WARSAW, Poland — Hungarian Prime Minister Viktor Orban said Monday that his country's strong opposition to allowing migrants into Europe doesn't mean that Hungarians have hearts of stone.
On a visit to Warsaw, Orban and his Polish counterpart, Mateusz Morawiecki, defended their refusal to accept refugees, a stance that has put them in conflict with the European Union.
Both leaders said their nations are aiding people in Africa and the Middle East, in or closer to their native lands, insisting this was a better way to address migration.
"We also have hearts, we do not have stones instead of hearts. We are a Christian people. We know what commitments are, what it means to help. But we cannot help anyone if we destroy our country in the meantime," Orban said during a news conference, according to a translation of his remarks in Hungarian.
Both men cast the EU attempts to redistribute migrants across the member states as violations of their national sovereignty.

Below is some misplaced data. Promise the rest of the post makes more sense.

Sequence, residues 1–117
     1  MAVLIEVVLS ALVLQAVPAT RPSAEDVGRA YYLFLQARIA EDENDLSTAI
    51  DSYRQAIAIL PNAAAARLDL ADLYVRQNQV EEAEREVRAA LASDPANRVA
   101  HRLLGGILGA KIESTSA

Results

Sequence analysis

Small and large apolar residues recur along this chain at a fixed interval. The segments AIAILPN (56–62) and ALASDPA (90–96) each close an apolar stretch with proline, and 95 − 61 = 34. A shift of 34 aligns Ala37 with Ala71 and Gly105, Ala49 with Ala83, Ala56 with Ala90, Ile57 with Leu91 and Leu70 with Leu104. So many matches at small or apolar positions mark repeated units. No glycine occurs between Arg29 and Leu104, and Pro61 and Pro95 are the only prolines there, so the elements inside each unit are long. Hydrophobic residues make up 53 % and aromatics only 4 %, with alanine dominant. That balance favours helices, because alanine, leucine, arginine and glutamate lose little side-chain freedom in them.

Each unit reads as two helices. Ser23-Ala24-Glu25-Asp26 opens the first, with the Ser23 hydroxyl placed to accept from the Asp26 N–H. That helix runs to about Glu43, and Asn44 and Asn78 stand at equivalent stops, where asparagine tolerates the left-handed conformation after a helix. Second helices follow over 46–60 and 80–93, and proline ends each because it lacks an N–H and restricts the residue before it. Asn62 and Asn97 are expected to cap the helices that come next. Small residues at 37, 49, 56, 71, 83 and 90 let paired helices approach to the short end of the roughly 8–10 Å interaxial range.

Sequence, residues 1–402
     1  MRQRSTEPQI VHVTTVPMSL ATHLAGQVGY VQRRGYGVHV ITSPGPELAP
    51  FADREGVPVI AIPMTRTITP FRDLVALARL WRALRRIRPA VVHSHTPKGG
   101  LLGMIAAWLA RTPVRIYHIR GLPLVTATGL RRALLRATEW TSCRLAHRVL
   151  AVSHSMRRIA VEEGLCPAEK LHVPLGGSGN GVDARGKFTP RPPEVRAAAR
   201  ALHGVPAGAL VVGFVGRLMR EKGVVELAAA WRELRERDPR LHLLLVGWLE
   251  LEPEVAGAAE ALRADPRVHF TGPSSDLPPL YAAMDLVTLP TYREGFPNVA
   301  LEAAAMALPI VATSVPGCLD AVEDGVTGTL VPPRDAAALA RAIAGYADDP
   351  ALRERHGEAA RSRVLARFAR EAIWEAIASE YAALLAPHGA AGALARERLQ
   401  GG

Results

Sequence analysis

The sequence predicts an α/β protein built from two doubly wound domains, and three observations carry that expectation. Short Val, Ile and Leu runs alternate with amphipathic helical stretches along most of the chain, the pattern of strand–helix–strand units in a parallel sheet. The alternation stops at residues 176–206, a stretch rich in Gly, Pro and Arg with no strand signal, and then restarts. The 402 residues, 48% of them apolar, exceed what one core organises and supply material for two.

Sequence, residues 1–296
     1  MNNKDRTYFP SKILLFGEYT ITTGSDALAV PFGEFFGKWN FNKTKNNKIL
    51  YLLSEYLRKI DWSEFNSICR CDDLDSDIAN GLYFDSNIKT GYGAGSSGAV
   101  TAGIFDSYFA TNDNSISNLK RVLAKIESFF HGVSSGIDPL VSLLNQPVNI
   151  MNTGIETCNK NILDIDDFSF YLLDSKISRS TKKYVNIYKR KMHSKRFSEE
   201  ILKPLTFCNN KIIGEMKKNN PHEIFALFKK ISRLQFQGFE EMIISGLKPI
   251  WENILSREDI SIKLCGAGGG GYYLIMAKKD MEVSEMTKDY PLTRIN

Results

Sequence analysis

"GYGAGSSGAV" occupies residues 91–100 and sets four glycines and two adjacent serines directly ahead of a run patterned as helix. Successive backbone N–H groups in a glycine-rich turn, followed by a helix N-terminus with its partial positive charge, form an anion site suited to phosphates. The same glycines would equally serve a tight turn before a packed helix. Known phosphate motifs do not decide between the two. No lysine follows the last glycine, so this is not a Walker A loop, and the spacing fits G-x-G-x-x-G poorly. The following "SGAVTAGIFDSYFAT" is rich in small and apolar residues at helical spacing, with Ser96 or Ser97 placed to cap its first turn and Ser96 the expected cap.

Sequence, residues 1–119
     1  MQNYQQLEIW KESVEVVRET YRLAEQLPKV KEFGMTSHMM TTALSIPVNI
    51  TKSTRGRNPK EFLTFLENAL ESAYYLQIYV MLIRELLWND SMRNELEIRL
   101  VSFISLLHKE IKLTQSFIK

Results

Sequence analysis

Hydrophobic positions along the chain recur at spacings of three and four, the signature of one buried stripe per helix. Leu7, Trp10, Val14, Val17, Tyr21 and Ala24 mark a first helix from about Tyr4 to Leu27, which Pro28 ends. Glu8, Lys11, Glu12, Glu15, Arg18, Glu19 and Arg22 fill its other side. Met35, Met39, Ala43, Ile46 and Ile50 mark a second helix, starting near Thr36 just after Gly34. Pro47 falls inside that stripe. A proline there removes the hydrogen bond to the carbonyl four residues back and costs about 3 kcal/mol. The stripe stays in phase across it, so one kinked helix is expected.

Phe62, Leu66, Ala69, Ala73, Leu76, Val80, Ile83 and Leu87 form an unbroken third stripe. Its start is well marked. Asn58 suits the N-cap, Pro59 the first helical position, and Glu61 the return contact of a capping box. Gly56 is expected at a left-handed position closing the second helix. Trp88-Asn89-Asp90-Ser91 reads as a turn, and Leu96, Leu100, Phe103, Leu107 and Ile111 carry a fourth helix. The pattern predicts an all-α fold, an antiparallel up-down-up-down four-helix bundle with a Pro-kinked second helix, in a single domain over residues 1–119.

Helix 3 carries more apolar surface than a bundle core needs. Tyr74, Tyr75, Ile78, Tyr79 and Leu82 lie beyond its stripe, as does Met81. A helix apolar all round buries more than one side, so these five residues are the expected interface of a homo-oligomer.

"Here in Poland, it's we who decide who will come to Poland and who will not," Morawiecki said.
Orban's visit to Warsaw, following his re-election in April to a third consecutive term, comes as Poland and Hungary are seeking a united front against another EU plan — linking EU funding to rule of law.
Earlier this month, the European Commission announced the plan to tie funding in the 2021-27 period to prevent what it sees as an erosion of the independence of the judicial branch in both ex-communist nations.
Both Warsaw and Budapest have strongly denounced the EU plan as unfair and vowed to fight it. They argue that the billions the EU sends to developing countries like theirs eventually also benefits older EU members by creating stable markets for their goods.
"They make money on us. They do not give us this money," Orban said.
Morawiecki said of Poland and Hungary that "our positions are very close and one can say that we are getting closer."